Gordon Djurfeldt has a paper where he contests both the Leftist view that “peasants are doomed to loss of land and livelihood” and the Chayanovian view which, to him, corresponds with the de facto Western trajectory where one sees highly mechanised farms using family labour with limited hiring. Djurfeldt presents a third perspective in which the principal feature is pluriactivity. This refers to family farms having a number of activities which provide them employment and income. His argument is that the Marxist-Leninist as well as the Chayanovian models abstract from pluriactivity, which is a dominant aspect of contemporary agriculture. In the Djurfeldt model, the accent is not on ownership but on family labour. His own field studies, he states, confirm that both the earlier models referred to do not stand scrutiny. Pluriactivity as a major feature of contemporary agriculture is certainly a notion worth pursuing by those interested in studying India’s development profile. Pluriactivity may have some relation with the felt need of many in our rural areas not to part with land no matter how unprofitable agriculture may be.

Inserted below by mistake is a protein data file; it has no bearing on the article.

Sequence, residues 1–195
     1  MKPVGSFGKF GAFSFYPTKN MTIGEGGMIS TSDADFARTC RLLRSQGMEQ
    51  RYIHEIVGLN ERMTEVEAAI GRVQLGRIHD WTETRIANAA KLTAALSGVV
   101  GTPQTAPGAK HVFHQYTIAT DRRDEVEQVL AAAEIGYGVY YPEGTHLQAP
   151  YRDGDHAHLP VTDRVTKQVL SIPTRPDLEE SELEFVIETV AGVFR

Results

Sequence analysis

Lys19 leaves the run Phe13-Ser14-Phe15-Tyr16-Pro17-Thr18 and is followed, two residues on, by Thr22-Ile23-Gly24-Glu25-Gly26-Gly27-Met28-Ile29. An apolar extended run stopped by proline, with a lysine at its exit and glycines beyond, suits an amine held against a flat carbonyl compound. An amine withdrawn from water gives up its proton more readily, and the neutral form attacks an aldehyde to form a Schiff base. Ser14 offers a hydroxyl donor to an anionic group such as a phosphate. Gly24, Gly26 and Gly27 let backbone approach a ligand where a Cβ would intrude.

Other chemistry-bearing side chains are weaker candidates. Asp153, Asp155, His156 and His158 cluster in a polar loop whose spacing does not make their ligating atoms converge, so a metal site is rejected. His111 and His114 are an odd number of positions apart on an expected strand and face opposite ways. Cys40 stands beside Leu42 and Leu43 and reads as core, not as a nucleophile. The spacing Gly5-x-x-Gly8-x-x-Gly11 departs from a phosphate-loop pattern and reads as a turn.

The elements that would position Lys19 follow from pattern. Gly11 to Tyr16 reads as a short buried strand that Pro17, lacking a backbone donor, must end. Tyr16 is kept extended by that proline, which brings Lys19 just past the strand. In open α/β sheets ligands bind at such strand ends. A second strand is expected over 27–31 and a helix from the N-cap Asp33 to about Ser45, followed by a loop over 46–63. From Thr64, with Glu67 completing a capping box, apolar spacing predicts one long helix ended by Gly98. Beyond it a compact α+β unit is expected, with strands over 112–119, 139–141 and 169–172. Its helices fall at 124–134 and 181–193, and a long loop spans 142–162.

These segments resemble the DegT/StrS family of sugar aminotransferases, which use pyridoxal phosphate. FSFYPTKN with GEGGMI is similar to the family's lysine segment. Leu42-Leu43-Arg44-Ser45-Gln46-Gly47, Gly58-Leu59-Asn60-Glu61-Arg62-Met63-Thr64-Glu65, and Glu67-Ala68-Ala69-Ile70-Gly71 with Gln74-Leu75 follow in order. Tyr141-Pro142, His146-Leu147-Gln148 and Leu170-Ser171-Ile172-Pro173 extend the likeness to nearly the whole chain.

The third paper in this subset is by Judith Heyer, who argues that agriculture has benefited from non-agricultural growth. She bases herself on evidence from her fieldwork in western Tamil Nadu. Her study brings out that non-agricultural incomes have increased substantially since the 1980s, but at the same time there has been a negative impact on the environment. This should surprise no one. A significant point is that her study is longitudinal, although as she herself says, it is quite limited. Again, unsurprisingly, Judith Heyer remarks on the declining role of the state as also on changes in landholding patterns. She is cautiously optimistic about the impact of the growth of the non-agricultural sector on agriculture but suggests that extrapolating from her study to the whole state ought to be done with great care.